The British government insisted on Thursday that the announced reduction in the supply of anti-virus vaccines in April would not stop the massive vaccination campaign, nor the gradual easing of the restriction imposed since the start of the year.
“We think there will be some supply problems in the coming weeks, but there is no need to worry,” local government minister Robert Jenrik told the private Sky News.
“We are still on the right track to achieve our goals,” he said, providing a first dose to everyone over the age of 50 in mid-April and for all adults by the end of July, stressing that the disassembly schedule will not be affected by this problem. The “temporary” display.
In a letter leaked to the media on Wednesday, the Public Health Service of England warned vaccination centers of a “significant drop” in weekly supplies from March 29 for a month, without detailing reasons or reasons.
In front of Parliament, Health Minister Matt Hancock attributed the drop in supply to “delay in expected arrival” of vaccines produced by the serum institute in India, without specifying numbers.
He also explained that 1.7 million doses were delayed last week due to the need for additional safety tests.
According to the British press, the problem is due to the delay in the delivery of the Serum Institute of 5 million doses produced to the British laboratory, AstraZeneca.
“Five million doses were delivered to the UK a few weeks ago, and we will try to provide more at a later time, depending on the current situation and the needs of the government immunization program in India,” said a spokesperson for the Serum Institute of India.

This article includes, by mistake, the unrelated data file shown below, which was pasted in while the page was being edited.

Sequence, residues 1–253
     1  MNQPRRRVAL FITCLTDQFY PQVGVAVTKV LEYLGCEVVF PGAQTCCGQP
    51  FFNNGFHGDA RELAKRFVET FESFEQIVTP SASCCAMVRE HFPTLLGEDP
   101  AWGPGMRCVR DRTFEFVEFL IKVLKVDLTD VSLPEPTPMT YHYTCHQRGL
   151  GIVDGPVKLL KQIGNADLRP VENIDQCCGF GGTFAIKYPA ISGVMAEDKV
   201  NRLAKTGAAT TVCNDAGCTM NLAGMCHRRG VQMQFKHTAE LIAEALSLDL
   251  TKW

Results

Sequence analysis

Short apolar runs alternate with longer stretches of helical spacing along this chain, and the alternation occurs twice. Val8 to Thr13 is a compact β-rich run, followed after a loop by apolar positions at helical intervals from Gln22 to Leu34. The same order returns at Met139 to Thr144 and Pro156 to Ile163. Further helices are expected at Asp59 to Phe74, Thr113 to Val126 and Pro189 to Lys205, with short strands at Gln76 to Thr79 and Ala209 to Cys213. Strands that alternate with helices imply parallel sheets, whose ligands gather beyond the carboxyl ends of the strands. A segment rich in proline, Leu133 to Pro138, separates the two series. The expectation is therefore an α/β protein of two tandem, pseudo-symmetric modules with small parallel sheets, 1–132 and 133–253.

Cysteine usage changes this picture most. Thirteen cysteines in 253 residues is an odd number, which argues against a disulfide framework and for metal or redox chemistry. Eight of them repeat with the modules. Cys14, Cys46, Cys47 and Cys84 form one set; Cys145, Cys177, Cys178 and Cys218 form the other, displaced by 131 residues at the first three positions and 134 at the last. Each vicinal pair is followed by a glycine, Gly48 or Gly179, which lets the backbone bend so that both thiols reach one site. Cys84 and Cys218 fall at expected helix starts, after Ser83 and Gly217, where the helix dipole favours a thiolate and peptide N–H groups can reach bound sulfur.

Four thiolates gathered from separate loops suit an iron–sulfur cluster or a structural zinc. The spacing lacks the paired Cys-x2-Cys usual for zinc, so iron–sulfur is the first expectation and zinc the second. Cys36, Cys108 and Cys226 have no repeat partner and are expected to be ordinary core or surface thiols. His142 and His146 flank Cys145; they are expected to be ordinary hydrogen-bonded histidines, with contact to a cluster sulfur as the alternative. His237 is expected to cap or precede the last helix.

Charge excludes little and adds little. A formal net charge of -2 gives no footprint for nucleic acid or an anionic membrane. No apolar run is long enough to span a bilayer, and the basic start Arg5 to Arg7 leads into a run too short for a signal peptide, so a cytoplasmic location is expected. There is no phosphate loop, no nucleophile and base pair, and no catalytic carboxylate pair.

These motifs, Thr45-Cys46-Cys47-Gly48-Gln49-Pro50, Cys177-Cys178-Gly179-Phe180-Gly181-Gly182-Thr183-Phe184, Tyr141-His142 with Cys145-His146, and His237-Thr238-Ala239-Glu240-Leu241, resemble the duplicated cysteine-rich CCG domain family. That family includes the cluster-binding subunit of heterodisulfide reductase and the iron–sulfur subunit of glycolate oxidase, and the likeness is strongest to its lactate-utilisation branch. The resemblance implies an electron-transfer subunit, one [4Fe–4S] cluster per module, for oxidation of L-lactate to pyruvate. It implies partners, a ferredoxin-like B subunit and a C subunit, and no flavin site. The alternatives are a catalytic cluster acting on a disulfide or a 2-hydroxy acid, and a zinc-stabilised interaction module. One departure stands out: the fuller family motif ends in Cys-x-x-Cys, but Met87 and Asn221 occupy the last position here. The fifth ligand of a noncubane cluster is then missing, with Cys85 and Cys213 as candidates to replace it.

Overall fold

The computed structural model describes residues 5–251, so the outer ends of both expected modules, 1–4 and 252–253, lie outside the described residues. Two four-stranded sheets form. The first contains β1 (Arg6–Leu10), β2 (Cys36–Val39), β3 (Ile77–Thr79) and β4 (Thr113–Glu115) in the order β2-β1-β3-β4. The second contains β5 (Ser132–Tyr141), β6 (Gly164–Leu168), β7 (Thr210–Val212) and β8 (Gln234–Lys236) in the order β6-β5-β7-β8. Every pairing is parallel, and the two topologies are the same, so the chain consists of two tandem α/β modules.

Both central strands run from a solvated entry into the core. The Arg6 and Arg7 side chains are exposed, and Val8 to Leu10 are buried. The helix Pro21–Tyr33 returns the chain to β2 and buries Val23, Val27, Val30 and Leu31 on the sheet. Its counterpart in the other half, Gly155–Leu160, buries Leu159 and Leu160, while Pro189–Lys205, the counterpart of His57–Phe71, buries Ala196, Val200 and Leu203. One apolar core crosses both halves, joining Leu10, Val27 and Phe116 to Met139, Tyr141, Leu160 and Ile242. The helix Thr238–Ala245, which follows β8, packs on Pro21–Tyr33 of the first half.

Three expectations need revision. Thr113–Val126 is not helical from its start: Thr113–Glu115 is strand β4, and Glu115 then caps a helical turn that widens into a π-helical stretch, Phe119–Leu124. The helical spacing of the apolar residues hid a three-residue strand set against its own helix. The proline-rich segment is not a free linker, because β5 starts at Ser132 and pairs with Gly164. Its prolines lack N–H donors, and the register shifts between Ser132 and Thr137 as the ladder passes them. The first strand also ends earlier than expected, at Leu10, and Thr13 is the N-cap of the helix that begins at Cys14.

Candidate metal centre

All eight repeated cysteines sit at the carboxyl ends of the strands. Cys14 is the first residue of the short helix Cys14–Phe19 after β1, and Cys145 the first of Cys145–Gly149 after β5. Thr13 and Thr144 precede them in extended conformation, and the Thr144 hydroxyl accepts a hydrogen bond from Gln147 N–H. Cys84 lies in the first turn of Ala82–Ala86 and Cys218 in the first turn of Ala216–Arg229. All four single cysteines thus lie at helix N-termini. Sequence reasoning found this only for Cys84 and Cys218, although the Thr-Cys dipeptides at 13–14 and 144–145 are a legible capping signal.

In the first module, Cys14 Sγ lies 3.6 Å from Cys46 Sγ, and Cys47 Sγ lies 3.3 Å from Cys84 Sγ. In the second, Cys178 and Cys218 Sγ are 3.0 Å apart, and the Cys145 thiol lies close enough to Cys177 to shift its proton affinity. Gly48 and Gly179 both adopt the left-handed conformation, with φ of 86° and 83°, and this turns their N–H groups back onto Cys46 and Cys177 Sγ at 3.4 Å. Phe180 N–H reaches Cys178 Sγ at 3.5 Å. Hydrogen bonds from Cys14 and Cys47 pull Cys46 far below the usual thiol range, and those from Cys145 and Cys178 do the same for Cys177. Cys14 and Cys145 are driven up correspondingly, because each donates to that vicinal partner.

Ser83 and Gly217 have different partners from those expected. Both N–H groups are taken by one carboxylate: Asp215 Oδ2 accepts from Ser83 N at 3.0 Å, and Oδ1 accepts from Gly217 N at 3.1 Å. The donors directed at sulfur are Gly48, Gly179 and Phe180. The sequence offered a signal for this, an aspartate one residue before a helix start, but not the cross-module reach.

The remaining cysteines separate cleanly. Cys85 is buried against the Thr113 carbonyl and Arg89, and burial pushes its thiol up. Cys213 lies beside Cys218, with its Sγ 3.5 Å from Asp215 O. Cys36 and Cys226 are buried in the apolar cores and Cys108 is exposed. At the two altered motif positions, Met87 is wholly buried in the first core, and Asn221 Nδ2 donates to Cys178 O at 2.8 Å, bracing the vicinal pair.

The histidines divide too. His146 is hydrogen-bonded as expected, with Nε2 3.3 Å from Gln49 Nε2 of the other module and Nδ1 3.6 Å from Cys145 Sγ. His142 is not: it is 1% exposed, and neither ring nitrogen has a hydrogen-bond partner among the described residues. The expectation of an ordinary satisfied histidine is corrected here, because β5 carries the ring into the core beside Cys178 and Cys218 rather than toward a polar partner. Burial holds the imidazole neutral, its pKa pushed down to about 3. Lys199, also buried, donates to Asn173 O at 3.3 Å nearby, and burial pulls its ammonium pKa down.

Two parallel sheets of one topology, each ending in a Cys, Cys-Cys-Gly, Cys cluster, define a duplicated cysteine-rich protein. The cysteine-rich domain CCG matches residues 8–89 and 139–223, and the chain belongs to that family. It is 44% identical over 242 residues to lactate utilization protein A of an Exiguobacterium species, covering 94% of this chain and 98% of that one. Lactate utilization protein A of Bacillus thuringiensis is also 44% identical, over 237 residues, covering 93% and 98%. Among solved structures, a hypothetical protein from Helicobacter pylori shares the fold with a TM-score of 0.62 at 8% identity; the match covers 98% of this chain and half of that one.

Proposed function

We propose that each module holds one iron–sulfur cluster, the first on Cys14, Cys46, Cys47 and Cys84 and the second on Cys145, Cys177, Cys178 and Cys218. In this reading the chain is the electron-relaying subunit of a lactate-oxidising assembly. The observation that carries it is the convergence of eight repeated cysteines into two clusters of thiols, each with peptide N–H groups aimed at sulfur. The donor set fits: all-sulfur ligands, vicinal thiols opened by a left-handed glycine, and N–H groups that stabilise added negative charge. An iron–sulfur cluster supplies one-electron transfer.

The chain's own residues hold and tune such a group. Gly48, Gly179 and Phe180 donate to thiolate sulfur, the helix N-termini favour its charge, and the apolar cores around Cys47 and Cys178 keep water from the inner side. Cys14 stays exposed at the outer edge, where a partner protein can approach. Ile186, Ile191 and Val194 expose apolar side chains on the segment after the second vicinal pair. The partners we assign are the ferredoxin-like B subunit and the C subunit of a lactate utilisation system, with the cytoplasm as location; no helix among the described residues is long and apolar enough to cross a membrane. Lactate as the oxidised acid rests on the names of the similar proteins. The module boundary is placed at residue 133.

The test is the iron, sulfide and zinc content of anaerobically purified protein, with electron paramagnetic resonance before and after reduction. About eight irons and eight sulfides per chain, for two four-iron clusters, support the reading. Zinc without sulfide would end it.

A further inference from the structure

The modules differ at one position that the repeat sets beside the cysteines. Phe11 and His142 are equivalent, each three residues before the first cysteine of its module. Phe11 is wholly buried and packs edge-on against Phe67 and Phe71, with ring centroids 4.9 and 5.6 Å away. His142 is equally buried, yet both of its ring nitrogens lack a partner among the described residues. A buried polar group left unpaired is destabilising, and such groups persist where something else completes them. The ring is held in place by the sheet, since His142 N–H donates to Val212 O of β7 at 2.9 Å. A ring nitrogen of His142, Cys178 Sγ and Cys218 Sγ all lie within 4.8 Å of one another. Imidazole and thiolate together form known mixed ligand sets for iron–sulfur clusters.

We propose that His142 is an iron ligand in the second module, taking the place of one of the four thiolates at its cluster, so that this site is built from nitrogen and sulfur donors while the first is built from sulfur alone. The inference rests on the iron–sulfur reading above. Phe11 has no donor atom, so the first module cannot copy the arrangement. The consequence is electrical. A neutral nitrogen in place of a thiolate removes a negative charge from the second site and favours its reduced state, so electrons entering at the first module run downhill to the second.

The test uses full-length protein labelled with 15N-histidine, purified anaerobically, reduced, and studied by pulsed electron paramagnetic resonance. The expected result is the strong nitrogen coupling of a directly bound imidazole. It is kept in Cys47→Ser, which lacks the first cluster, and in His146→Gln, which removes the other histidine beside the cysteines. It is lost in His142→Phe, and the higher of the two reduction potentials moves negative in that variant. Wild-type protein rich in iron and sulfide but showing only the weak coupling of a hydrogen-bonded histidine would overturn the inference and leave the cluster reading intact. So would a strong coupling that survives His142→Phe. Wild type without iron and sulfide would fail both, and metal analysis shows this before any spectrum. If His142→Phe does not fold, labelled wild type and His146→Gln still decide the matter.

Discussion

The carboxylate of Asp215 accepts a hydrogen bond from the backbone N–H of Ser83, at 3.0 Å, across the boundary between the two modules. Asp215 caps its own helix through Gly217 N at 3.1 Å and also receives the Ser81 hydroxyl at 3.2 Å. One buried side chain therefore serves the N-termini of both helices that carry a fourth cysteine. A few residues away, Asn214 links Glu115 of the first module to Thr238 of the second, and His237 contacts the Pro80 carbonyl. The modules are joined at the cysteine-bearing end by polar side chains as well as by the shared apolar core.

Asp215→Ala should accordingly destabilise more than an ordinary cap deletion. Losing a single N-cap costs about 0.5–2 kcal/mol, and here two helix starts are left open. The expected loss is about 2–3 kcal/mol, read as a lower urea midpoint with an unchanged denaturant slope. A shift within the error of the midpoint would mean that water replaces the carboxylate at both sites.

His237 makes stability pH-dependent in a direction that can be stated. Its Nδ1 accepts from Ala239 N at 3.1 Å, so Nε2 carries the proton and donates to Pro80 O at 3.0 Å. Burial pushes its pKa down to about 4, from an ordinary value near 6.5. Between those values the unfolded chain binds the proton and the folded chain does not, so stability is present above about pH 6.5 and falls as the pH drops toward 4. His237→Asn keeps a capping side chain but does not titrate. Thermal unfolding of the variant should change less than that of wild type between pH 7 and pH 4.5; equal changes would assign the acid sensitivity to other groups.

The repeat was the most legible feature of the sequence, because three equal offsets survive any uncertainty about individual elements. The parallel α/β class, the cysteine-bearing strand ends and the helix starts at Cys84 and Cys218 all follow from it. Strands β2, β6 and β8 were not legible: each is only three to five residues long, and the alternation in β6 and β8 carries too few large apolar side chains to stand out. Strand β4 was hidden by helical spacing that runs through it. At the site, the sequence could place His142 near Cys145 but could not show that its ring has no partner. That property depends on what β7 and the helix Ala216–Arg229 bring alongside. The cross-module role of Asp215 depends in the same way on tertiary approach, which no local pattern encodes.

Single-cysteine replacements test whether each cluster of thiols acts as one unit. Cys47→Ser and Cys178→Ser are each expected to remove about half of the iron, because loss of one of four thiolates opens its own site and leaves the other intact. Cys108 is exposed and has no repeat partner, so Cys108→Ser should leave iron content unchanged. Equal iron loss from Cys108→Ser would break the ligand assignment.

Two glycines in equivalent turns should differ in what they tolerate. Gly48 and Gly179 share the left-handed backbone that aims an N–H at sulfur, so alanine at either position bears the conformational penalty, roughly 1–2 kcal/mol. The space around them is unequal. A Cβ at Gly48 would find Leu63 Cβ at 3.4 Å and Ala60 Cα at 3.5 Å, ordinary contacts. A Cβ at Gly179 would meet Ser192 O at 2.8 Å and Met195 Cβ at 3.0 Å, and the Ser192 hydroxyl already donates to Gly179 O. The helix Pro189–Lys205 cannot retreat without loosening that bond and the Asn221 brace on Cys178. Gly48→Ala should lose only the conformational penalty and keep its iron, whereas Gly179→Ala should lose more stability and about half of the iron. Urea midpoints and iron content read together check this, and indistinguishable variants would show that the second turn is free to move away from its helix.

Shipments from Pfizer and Moderna –
AstraZeneca simply issued a short statement in which it avoided mentioning its international supply chain: “Our UK domestic supply chain is free from disruption and there is no impact on our delivery schedule,” he said.
The United Kingdom, which has already given the first dose to 25.2 million people, half of its adult population, is using AstraZeneca / Oxford and Pfizer / BioNTech vaccines in its massive campaign.
In contact with Agence France-Presse, Pfizer confirmed that vaccine deliveries to the United Kingdom are progressing “as planned” in the first quarter.
“Our projected total supplies for the second quarter have not changed and we are on our way to continue supplying the UK with vaccines from April to June in accordance with our contractual obligations,” he said.
Hancock announced that doses of the third vaccine approved by the British regulator, from the American Moderna Laboratory, will arrive in the United Kingdom “in the next few weeks.”
The country hardest hit by the epidemic in Europe, where 126,000 people have died, the United Kingdom closed all non-essential stores on December 20 and reinforced the lockdown after the Christmas holidays by deciding not to reopen schools.
Students began returning to classes on March 8, and began a very gradual relaxation of restrictions that should not be completed until the end of June.
bur-acc / mar